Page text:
Give Up Your Web Anonymity. Can Obama Do That?

Obama was one of the first politicians to really leverage online social media to its full potential during his campaign for the presidential election, so you’ve got to admit that he knows a thing or two about maintaining an online reputation. And now that Obama is the president elect, he expects the rest of his administration to disclose some of their online information, according to an article in the New York Times.Â

In a 7-page questionnaire, prospective White House employees will need to list their aliases and handles used to communicate on the Internet, among other expected questions pertaining to government new hires. Now, communicate is a broad term, especially when it comes to the Internet. For the questionnaire’s purpose, it even includes names used for comments posted on blogs and websites. Not only is that a daunting task, depending on your level of online activity, but it also crosses a privacy line that has not yet been addressed on this political level.Â

I can’t say that I’m entirely surprised. I’ve had friends that are required to cease all social networking activity all together once they get a job with organizations such as the FBI. And given the need to avoid mistakes such as those seen by McCain’s or Clinton’s administration when it comes to certain members having rather embarrassing histories, an attempt for full disclosure in online activity can be viewed as a preventative measure.Â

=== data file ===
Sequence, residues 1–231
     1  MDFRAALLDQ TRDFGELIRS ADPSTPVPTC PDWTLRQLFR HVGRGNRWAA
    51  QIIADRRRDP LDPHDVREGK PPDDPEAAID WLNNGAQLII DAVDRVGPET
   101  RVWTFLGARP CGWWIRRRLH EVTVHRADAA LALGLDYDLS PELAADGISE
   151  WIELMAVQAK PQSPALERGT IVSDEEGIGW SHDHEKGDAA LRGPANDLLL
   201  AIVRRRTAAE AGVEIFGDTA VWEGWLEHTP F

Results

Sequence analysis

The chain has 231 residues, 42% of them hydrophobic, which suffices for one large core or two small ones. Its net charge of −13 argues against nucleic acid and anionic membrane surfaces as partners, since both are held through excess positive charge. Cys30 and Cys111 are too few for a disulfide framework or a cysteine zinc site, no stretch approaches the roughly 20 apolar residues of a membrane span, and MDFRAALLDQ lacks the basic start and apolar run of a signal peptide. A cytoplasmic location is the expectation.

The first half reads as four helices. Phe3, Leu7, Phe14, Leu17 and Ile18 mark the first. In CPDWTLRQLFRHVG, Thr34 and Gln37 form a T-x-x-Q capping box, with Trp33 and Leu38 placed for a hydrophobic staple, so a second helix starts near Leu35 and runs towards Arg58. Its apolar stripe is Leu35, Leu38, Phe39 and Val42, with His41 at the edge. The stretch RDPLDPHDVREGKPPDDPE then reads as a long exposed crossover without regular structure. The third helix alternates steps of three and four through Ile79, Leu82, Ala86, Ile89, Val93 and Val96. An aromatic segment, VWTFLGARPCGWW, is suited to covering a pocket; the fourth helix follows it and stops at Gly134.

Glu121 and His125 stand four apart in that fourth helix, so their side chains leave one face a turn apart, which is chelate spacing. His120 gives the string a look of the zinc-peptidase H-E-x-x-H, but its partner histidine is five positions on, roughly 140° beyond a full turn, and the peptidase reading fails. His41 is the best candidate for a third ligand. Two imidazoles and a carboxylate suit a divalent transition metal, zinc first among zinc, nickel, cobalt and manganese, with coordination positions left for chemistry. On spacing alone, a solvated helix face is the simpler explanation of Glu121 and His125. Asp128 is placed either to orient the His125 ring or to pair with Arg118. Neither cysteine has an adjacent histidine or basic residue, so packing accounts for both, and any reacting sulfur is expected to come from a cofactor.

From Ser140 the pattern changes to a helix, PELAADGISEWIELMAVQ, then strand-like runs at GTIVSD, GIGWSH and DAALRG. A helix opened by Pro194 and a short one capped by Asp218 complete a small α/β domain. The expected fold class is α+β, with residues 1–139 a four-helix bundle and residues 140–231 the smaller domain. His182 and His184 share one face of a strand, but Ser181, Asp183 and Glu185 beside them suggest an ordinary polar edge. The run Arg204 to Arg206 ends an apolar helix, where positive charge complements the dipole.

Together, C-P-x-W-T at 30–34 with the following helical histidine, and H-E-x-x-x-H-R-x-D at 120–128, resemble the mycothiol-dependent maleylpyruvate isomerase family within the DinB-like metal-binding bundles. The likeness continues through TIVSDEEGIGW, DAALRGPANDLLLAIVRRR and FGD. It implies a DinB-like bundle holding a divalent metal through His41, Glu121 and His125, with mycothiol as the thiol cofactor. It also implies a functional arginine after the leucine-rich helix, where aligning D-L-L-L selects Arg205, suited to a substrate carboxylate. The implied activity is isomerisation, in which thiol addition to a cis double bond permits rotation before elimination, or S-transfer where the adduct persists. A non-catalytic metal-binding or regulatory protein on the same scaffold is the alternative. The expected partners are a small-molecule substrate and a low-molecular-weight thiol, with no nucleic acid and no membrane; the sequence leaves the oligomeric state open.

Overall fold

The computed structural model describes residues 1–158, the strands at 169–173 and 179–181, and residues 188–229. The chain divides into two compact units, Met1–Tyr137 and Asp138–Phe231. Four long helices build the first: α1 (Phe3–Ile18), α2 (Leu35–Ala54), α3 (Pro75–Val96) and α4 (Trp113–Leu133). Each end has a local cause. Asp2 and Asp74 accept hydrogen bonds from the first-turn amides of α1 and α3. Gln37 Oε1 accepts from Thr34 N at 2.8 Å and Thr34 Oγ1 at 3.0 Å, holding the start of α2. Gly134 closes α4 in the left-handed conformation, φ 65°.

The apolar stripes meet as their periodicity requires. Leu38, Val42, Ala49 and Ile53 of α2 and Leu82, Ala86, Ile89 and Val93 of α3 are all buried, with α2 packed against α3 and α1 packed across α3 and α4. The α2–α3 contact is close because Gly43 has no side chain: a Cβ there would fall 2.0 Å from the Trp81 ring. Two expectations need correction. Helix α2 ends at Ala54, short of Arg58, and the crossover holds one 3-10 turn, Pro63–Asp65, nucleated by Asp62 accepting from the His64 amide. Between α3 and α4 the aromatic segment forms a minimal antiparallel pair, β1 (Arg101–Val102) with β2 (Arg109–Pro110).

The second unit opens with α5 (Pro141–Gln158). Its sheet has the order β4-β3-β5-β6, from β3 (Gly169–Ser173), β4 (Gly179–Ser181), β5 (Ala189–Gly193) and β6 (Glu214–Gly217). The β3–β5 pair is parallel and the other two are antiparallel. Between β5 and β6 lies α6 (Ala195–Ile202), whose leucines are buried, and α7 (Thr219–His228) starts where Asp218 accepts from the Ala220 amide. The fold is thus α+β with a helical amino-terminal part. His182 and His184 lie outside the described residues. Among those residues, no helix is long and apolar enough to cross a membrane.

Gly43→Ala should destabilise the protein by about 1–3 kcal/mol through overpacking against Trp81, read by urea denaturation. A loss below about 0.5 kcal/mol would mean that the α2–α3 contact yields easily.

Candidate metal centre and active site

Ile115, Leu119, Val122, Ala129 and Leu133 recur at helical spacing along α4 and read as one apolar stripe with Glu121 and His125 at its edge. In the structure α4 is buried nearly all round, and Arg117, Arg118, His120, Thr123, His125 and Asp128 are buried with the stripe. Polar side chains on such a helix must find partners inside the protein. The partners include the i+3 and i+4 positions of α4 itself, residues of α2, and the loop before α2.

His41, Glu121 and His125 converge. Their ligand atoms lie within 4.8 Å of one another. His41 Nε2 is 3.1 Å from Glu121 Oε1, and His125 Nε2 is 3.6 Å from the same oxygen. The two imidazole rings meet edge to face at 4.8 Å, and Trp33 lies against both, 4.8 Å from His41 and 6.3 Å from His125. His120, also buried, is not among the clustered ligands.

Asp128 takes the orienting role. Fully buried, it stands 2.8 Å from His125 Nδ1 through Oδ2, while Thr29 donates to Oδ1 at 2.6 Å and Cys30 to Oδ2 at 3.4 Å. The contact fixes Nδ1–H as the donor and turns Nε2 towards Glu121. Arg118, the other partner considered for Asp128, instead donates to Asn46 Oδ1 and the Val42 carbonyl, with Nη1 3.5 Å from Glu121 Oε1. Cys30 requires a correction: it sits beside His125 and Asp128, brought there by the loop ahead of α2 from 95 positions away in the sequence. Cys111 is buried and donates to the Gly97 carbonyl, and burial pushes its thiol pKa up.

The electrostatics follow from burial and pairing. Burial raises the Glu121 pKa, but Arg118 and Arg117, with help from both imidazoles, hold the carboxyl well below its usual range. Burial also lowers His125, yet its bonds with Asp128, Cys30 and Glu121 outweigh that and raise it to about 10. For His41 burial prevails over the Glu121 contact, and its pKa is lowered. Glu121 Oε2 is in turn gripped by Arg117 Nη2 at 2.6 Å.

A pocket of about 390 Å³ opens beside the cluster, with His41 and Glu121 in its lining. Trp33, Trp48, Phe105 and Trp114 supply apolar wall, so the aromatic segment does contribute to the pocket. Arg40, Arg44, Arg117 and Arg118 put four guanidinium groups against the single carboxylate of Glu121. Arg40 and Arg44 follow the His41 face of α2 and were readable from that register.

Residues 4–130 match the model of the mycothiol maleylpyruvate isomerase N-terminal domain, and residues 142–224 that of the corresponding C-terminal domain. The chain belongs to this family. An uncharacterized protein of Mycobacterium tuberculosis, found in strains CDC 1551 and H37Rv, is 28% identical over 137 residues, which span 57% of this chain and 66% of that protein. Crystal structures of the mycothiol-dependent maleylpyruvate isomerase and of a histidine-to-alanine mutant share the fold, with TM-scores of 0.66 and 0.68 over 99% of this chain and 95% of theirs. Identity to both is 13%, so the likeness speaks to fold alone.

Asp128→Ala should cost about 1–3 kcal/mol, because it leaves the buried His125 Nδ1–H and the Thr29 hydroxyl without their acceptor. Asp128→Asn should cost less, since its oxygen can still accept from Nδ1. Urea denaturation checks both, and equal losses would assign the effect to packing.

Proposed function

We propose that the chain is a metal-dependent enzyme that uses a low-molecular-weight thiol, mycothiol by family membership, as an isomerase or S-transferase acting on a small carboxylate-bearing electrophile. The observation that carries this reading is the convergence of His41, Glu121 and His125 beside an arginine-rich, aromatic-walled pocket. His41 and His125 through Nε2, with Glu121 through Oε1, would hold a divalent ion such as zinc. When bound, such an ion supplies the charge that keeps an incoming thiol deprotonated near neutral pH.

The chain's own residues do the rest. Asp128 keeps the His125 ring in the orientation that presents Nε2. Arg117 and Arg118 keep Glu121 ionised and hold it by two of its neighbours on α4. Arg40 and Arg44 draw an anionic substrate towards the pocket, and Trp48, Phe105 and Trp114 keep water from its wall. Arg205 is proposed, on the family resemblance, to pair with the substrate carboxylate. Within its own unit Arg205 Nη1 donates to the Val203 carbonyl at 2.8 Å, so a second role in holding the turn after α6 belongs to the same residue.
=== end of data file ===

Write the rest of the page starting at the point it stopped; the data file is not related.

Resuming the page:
But the real point of contention here is privacy. Is it ok for the White House to require you to give up all your aliases used on the Internet–yes, the whole Internet?Â

In setting a precedent for so many things related to the White House, Obama has no bigger shoes than his own to fill. And maintaining that sentiment across his entire administration is something that he’ll need to do throughout his entire presidency and beyond. This is more than just Obama covering his bases–it’s a measure taken to avoid having his administration look bad.Â

Nevertheless, it seems to be a rather extreme precedent to take. While there will always be an aspect of anonymity when it comes to communications on the web, the requirement for prospective White House employees seems to be a decided move against any and all potential anonymity. And perhaps the real issues will begin once we find out what the White House administration will be doing with this information once it knows its employees’ aliases used on the web.

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